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Kawhi Life: So you’re in Toronto, now what?

Kawhi Leonard is a Toronto Raptor — for now. While we can do little to affect the team’s success, we can sell him on the city. Welcome to our new weekly column to do just that.

NBA: Cleveland Cavaliers at Toronto Raptors John E. Sokolowski-USA TODAY Sports

Kawhi Leonard is a Toronto Raptor — for at least one year. While the team’s on-court success has its part to play, we’ve decided to do our part in selling the city to the Klaw. Each week we’re talking Toronto, and letting Kawhi know what his life could be like here.

This Week in Toronto

Sadly, we have to start what should be an upbeat column celebrating the best this city has to offer with a decidedly sour subject: politics. Yes, in case you haven’t heard, there’s a municipal election happening in Toronto on October 22nd (some out there have already voted). This is — and always should be — a big deal, but it’s an even bigger deal this time around because of the events preceding election day. And because of what’s at stake.

Those aforementioned events are enraging, so I’ll try to keep this part of the summary short (lest I start throwing furniture). To wit: Toronto had a 44-seat city council, and had plans to expand it to 47 for this election. Instead [deep, calming breath], we’ve got a 25-seater for the foreseeable future. There are all kinds of problems with this — it’ll be harder for councillors to respond to the needs of their constituents, harder still for people to get in touch with their elected representatives, and it may even be harder to fill quorum on various sub-committees and community boards and the like. This is also to say nothing about how it has squashed council diversity and slammed the door on potential new voices entering the city’s halls of power. I’m no fan of the change, is my point here.

The stakes part is easier to explain: the ward councillors all have their part to play in Toronto’s government. If they are embarrassing or inept (there are a few incumbents who most definitely are; I can provide a list), it reflects poorly on the city and makes it harder for things to get done effectively. If they are good (they do indeed exist!), it makes for a better city. On top of that, we’re going to elect a mayor, someone who will (in the absence of strong mayoral powers) try his or her best to sway council into enacting his or her agenda. I say “his or her” here because the two main candidates competing for the job are incumbent John Tory (of whom I am no great fan) and Jennifer Keesmaat (the pragmatic choice). I think my parentheticals speak for themselves.

In most of these races, name recognition seems to be the most important thing helping candidates to take the lead in their respective polls. People know Tory already, so he’s favoured to be re-elected. That’s usually how these things go, which in turn engenders an air of indifference towards civic discussions, if we’re being honest. There are a few exceptions to this though (see for example the increasing desperation of the man they call Mammo); and then there are the incumbent vs. incumbent battles being waged across the city due to the downsizing of council. I admit, the mood around all of this is is a touch grim. It continues to be unfortunate the 2018 election finds itself in this place given those aforementioned stakes. At the start of the year, it felt like Toronto was perhaps in for some kind of (positive?) reckoning, and now many just don’t know where we stand as citizens.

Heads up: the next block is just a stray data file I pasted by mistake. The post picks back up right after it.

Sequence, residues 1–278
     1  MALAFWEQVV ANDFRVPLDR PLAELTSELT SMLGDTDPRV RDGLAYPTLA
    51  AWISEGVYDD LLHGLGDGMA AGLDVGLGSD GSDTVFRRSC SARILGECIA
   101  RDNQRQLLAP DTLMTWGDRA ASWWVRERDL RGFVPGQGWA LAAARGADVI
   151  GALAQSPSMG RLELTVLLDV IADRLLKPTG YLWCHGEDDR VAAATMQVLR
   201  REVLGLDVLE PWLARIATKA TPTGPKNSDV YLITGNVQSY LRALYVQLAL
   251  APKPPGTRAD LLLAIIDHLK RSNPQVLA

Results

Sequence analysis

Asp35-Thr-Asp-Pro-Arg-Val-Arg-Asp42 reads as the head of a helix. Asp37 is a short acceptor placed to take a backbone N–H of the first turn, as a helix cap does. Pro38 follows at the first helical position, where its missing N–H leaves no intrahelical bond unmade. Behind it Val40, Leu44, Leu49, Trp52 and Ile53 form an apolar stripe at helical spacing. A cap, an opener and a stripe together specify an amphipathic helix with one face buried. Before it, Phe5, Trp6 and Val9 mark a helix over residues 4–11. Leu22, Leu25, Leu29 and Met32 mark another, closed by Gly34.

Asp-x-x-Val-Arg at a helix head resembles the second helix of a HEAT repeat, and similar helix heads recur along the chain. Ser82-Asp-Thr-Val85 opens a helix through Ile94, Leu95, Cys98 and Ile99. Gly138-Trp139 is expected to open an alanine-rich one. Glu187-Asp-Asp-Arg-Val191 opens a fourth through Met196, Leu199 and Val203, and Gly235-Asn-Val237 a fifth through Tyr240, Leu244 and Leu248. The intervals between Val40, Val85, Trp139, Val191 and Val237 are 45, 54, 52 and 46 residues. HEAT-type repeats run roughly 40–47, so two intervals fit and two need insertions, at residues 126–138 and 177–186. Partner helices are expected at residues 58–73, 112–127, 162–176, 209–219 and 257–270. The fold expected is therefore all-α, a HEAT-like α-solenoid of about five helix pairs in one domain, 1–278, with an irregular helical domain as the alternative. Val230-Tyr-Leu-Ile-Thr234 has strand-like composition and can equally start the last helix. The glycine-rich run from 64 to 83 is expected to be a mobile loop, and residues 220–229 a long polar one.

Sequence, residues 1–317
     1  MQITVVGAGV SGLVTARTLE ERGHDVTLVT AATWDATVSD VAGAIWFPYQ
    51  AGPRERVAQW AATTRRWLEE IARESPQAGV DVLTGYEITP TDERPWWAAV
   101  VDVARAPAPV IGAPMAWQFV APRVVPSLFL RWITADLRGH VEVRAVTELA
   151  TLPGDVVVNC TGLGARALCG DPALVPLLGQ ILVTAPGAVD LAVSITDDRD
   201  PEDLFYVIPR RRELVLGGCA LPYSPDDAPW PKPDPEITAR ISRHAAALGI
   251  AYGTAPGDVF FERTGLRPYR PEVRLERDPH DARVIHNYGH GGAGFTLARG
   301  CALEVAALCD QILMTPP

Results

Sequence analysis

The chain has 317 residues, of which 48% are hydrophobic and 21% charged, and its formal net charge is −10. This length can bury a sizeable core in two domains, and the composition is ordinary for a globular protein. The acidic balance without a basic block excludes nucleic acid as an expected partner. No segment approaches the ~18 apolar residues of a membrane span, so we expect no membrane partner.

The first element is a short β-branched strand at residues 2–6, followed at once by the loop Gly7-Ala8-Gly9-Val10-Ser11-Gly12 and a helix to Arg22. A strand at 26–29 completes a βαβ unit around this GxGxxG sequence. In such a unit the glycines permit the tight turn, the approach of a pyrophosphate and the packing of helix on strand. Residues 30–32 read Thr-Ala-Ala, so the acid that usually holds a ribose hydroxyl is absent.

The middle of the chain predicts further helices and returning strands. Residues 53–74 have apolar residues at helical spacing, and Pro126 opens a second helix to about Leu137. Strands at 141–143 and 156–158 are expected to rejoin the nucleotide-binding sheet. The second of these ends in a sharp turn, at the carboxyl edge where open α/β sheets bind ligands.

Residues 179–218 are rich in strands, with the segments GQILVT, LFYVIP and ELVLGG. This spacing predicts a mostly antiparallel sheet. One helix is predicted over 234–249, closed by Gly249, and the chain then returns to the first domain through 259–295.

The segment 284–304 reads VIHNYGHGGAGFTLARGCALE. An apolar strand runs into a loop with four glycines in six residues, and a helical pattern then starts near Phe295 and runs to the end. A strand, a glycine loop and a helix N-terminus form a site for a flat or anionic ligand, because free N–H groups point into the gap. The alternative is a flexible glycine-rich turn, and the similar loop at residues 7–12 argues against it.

Now, ironically, we get to the uplifting part. If nothing else, the entire lead-up to this election, one of the more contentious in recent memory, has highlighted anew people’s desire to engage usefully in municipal affairs. Maybe this is always the case, but it feels like a growing number of citizens are tuning into the fact that their local government has a lot more to do with how their city works than merely making sure the garbage gets picked up on time. We’ve been given reasons to despair, times ahead may indeed be downright tough for some, a fight of some type or another could be brewing — and yet there’s also a renewed resolve. I hesitate to use the word “hope” just yet, though it is what I’m hanging onto in preparation for Monday. (Now, does the tenor of this discussion just happen to align with the sentiment around the Raptors at the present moment? I’ll leave that for someone else to decide.)

In any case, if you still have questions, here’s a great summary from NOW Toronto which provides a summary of the wards and candidates while also proffering the best candidate (if any) going forward. And if you’re looking for ways to get more involved this weekend (yes, there’s still time), you can always check out what Progress Toronto is working on. Despite what the brother of an outgoing city councillor currently endorsing a different incumbent has to say, they’re good people.

Should Kawhi Care?

Well, no.

(Though, as a reported recent Toronto homeowner, I suppose he may be concerned about property tax rates, and/or how those resources are being used. He’ll be living in this city for at least the next year, right? Presumably, he may want to know what the deal is with what’s going on around him, how safe he and his family are, what fun things there may or may not be to do, etc. He may even want to know who his city councillor is in case he wants to complain about some civic issue. Maybe he’s deeply politically engaged, but like many of us, chooses not to air his beliefs out too loudly. Or, I don’t know, maybe not.)